Government observers in Ottawa, convinced the North American market has entered an era of tight supplies and high prices, anticipate a steady rise in the value of Canadian natural gas as far ahead as their computer projections can see.
The latest annual state-of-the-industry report by the natural gas division of Natural Resources Canada projects annual Canadian plant gate or producer netback revenues of C$51 billion (US$39 billion) by 2015 — more than double the 2002 total of C$24.7 billion (US$19 billion).
The anticipated gains result from strong prices rather than any return to the growth in productive capacity and sales volumes, domestic or in the United States, that were consistent themes of the Canadian industry since the onset of deregulation and energy free trade in the mid-1980s.
The price drop of 2002 is expected to turn out to have been a once-only departure from the upward trend. The projections anticipate Canadian gas fetching an average US$3.61 per MMBtu in 2005, US$3.95 in 2010 and US$4.40 in 2015. Domestic prices are expected to track exports as a result of integration of Canadian and American markets as well as continued availability of enough pipeline capacity for gas to flow freely across the border.
“The producing industry in both Canada and the U.S. seems to be fundamentally different than it was in the 1990s,” the Canadian energy department’s gas experts said. Among the changes, “the era of major export-oriented natural gas pipeline expansions, such as Alliance, appears to be over.”
For the first time, the government forecasts incorporate deliveries from the Arctic via the proposed Mackenzie Valley pipeline. But the new northern supply source — starting in the 1 Bcf/d range as early as 2009, the current target date set by the project sponsors, and growing to 1.6 Bcf — is expected to be a case of maintaining rather than expanding overall Canadian productivity.
Annual net exports to the United States are expected to turn out to have peaked in 2000 and ’01 at 3.5 Tcf. While the projections raise the possibility that the peak may be approached again, the general trend is forecast to be gently downwards into the range of 3.2-3.3 Tcf per year.
Canadian domestic demand is projected to rise by nearly 40% into range of 4 Tcf per year by 2015, supported by imports expected to average 250 Bcf. The projections point out that three Canadian companies are proposing LNG import terminals: TransCanada PipeLines, Irving Oil and Access Northeast Energy.
The Canadian government observers said “in previous versions of this report our export forecast began with assumptions about export pipeline capacity, then applied increasing load factors on that capacity to yield rising exports. This year we can no longer use that methodology, as it is clear that exports are now limited by supply rather than by export capacity.”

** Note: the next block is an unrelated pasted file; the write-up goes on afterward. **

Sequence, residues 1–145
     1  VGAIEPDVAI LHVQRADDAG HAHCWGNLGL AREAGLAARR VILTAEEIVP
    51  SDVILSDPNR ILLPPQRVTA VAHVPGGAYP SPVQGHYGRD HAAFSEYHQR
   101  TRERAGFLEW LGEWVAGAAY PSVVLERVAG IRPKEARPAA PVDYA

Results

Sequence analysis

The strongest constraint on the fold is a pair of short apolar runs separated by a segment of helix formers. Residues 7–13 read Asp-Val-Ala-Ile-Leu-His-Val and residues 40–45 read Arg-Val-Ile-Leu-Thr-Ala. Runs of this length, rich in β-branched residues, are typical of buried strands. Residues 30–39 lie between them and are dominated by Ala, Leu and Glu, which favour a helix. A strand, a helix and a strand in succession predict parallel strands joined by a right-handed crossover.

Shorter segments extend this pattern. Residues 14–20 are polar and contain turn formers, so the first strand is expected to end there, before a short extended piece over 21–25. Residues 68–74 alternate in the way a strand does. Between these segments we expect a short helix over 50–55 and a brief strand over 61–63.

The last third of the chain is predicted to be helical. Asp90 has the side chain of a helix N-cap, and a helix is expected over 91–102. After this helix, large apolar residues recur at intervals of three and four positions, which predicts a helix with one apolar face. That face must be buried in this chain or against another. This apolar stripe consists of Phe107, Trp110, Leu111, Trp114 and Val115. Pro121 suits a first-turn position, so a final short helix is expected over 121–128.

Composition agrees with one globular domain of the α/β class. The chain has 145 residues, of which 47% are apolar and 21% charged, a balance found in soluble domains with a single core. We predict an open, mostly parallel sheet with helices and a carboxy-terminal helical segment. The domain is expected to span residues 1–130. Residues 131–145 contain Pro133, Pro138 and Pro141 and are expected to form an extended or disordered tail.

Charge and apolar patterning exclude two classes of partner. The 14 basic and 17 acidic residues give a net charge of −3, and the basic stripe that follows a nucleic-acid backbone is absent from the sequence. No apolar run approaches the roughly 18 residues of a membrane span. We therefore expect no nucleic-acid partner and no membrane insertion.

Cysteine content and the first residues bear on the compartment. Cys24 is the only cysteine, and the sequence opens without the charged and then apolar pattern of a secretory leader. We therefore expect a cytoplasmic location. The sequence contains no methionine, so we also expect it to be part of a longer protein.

Major unknowns on the Canadian scene continue to include the fledgling supply development of coalbed methane. Like other agencies such as TransCanada PipeLines and the National Energy Board, the government regards the area as speculative and makes no firm predictions.
The pioneer in the field, MGV Energy Inc., a Calgary subsidiary of Fort Worth-based Quicksilver Resources Inc., continues to stand out as more optimistic about it than the gas and regulatory establishment. The company says its inaugural effort in the Palliser area of southeastern Alberta is performing. Production averaged 15 MMcf/d in third-quarter 2003 and the drilling program has been increased to 186 wells from an initially planned 176. The coal in the region is virtually dry, and Quicksilver says five new developments are planned in 2004 in similar deposits a short distance to the north.
Alberta Energy Minister Murray Smith acknowledged the MGV success and high levels of interest emerging among larger Canadian producers that have drilled about 500 trial wells over the past two years. “I’ve gone from being a coalbed methane skeptic to a coalbed methane advocate,” Smith said.
“We don’t yet understand the exact reservoir conditions so we don’t know how much of the resource can be developed into economic reserves, but the total gas in place is estimated at over 500 trillion cubic feet,” Smith said. The provincial government is developing a coalbed methane policy, but it focuses on technical and environmental issues rather than financial help.
Although royalty reductions have been suggested as a Canadian counterpart to 1980s and ’90s U.S. coalbed methane incentives, they are not currently in the cards. The Alberta energy minister pointed out that coalbed methane automatically gets a break already because its wells qualify as small-volume producers that qualify for reduced rates regardless of the geology involved.
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